Outplacement Support with a Difference

Outplacement Support with a Difference

A previous post on ‘’Ethical Outplacement or Retrenchment’’ on this site introduced and discussed Outplacement Support services in more general terms. This post focused on the benefits of such programmes to both retrenched employees and to employers. Since then I have been asked many times to elaborate on what’s involved in outplacement support, and particularly about the Career Choice and Planning programme.

Sandbox Advisors offers two complementary outplacement programmes: The Transition and Job Search programme which is the basic component of any outplacement service, and the Career Choice and Planning programme which provides greater support to the employee and facilitates reputation or brand maintenance for the employer.  

Career Choice and Planning Programme

A frequent reason for retrenchment is that a particular function (e.g. finance or IT support) is being outsourced to a third-party provider in a lower-cost country such as Malaysia, India, or The Philippines. Usually this follows an industry pattern, so as one company outsources a function overseas, so do others. The knock-on effect of this is that jobs in that function are in decreasing supply and increasing demand, so employees in these positions are going to find it harder and harder to find a similar job. The career choice and planning part of outplacement support helps retrenched employees look wider and beyond their previous role to find jobs or careers that they will find satisfying and fulfilling. It turns the traumatic experience of retrenchment into one of opportunity – indeed, many people look back on the experience as liberating, life changing, and the motivation they needed to move from a mundane job to a fulfilling career.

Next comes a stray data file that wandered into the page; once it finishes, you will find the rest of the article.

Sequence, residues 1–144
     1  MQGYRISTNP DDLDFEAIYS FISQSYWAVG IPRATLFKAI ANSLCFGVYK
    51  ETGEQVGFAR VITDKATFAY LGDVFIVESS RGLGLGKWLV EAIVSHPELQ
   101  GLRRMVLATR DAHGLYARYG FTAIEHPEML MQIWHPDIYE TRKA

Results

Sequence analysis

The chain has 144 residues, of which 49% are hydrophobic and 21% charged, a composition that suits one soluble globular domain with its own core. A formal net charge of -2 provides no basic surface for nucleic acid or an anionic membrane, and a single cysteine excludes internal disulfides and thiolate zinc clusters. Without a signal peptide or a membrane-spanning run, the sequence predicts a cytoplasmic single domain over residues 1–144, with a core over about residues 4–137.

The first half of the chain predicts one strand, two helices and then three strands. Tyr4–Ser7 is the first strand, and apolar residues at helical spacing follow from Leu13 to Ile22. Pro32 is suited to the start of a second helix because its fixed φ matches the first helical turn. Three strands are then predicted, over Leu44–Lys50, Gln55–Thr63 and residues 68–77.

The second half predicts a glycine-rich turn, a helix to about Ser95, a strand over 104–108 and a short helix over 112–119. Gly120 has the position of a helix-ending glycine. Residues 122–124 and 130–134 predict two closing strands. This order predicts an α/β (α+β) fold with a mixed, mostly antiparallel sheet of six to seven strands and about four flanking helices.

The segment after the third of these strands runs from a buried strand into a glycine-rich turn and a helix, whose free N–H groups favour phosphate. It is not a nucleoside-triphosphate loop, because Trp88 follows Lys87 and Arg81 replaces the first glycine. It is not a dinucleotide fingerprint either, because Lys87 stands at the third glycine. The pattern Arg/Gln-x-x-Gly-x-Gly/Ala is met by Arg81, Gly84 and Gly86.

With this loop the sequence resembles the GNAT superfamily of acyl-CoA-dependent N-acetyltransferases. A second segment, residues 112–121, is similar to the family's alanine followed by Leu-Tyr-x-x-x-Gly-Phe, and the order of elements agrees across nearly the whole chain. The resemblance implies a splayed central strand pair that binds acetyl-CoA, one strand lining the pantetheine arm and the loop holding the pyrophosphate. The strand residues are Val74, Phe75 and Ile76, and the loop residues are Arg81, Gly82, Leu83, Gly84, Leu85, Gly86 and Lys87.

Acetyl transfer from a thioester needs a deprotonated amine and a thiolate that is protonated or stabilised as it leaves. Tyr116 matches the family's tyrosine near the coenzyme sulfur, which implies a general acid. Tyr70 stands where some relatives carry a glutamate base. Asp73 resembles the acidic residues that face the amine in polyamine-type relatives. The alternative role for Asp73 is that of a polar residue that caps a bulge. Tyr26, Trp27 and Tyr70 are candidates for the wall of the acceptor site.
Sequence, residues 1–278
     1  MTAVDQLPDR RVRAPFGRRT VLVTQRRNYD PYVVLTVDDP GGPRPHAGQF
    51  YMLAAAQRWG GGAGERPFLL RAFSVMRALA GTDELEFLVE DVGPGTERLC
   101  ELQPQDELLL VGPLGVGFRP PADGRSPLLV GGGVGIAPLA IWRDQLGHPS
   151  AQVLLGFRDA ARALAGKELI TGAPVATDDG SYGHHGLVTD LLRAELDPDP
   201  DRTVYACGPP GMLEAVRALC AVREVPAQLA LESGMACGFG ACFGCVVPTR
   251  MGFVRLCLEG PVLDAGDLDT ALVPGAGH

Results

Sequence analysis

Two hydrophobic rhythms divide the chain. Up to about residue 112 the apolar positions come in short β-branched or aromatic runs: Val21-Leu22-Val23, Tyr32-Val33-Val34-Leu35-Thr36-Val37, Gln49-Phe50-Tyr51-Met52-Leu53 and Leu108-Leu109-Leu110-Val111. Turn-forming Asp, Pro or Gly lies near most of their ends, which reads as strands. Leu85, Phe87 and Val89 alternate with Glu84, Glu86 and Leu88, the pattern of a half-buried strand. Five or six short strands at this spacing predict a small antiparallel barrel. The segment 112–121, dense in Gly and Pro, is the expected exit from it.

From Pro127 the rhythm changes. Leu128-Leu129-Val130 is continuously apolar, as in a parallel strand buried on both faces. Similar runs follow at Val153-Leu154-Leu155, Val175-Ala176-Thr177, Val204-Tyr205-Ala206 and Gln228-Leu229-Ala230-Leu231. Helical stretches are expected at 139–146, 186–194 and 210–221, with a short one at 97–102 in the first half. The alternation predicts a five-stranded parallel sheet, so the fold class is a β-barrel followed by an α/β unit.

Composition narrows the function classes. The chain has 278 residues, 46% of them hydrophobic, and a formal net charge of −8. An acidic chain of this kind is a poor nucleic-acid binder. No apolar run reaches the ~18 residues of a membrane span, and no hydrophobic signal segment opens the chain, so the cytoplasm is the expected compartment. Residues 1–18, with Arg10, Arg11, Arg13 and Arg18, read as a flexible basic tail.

The career choice and planning module helps individuals plan their next move properly. Individuals are guided through a systematic process to get a detailed picture of their characteristics and preferences that should be taken into account for their next career move. These include:

•    Strongest life / career aspirations

•    Personality type and traits

•    Strong interests

  • Skills and strengths

•    Knowledge / motivation

•    Work values

•    Work environment preferences

•    Goals and constraints.

Psychometric inventories are used to help people identify careers and jobs that are firstly suited to their personality type, and secondly, to their core or strongest interests. Other assessments and exercises identify their skills and strengths (strengths being those skills that people are both good at and enjoy doing) and their work values. Participants then have four separate perspectives on finding a career direction that will be personally fulfilling and satisfying, and ones that they are likely to perform well in.